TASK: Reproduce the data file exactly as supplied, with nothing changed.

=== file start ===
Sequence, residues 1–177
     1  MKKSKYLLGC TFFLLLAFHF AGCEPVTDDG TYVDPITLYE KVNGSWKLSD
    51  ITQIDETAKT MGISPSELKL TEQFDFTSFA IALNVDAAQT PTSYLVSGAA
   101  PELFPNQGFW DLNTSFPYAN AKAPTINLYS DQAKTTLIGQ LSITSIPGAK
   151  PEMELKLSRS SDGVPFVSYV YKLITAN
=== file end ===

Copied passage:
Sequence, residues 1–177
     1  MKKSKYLLGC TFFLLLAFHF AGCEPVTDDG TYVDPITLYE KVNGSWKLSD
    51  ITQIDETAKT MGISPSELKL TEQFDFTSFA IALNVDAAQT PTSYLVSGAA
   101  PELFPNQGFW DLNTSFPYAN AKAPTINLYS DQAKTTLIGQ LSITSIPGAK
   151  PEMELKLSRS SDGVPFVSYV YKLITAN